June 17, 2013
Bee an Advocate for Birds, Butterflies, Beetles and Bats During National Pollinator Week
Laury Parramore, (703) 358-2541, Laury_parramore@fws.gov
A bevy of public events hosted by the U.S. Fish and Wildlife Service and its partners will be held around the nation to mark National Pollinator Week June 17-23. Activities will highlight pollinator species and focus on their crucial importance to other wildlife, plants and people.
"Pollinators on our nation's public and private lands play a key role in keeping our ecosystems diverse, which in turn provides for healthy habitats and economies," said Secretary of the Interior Sally Jewell, who recently signed a 2013 National Pollinator Week proclamation. "We appreciate the important public-private partnerships that are working together to encourage the long-term health of pollinating creatures."
“Without pollinators, life on Earth would be scarcely recognizable. We depend on these amazing insects and animals for the clothes we wear, the houses we live in, and the food we eat,” said Fish and Wildlife Service Director Dan Ashe. “Every American should be concerned about alarming declines in our nation’s pollinators, but fortunately everyone can pitch in to help them.”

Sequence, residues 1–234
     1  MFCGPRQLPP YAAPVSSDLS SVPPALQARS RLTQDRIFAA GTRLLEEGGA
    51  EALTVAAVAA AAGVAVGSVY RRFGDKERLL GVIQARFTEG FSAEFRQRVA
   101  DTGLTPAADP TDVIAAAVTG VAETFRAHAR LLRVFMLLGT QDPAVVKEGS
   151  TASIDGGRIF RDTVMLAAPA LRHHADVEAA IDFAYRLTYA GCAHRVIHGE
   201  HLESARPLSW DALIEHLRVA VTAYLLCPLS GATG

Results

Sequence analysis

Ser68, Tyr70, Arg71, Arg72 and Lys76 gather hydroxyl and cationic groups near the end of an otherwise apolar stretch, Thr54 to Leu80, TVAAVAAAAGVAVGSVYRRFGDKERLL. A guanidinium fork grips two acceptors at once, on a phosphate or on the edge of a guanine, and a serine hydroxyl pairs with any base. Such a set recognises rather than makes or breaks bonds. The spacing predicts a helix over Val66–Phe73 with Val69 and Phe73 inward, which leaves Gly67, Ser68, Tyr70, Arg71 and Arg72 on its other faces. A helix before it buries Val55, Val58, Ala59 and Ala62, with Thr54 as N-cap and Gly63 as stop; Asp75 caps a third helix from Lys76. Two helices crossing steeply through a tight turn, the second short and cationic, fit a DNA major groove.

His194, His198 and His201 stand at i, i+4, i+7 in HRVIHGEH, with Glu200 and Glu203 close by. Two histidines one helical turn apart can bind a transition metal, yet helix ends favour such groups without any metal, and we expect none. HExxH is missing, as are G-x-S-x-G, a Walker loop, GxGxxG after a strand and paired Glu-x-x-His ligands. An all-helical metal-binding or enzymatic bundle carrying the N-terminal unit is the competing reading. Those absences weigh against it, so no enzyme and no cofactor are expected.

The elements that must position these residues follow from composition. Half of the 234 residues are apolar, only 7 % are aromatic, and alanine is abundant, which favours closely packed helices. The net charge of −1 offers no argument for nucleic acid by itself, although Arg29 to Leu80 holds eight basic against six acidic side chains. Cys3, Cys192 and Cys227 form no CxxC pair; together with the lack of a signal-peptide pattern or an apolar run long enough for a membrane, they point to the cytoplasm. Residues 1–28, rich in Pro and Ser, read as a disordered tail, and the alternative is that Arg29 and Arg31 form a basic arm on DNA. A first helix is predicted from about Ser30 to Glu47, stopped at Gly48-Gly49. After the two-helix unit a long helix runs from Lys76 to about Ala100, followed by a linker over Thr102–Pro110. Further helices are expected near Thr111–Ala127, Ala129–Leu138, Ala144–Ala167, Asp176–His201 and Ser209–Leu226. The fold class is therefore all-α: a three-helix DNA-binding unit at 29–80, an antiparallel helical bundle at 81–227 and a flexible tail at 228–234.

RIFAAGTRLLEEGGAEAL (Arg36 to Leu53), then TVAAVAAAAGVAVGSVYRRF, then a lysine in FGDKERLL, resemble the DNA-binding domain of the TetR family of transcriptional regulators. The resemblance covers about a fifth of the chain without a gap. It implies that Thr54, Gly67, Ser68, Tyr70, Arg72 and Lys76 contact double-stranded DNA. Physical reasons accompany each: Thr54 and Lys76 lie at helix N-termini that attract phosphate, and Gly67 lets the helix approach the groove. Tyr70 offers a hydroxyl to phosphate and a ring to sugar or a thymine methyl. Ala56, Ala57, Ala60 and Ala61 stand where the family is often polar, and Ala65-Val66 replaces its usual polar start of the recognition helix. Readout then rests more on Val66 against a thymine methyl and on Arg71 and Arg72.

Pollinators are essential to agriculture and forestry, pollinating more than 150 different kinds of fruits, vegetables and nuts that provide a third of the nation’s food and beverages. In the United States alone, pollinators enable people to produce about $20 billion-worth of products every year. In addition, more than 75 percent of flowering plants are pollinated by animals.
The Service and its partners will celebrate National Pollinator Week with educational awareness events and conservation projects. To find a Pollinator Week Event near you, visit: http://pollinator.org/npw_events.htm
For additional information about how you can help pollinators, visit http://www.fws.gov/pollinators. Download a free ecoregional guide online at www.pollinator.org to determine pollinator-friendly plants for your area. Find information about local native plant societies and nurseries that sell native plants at: http://www.plantnative.org/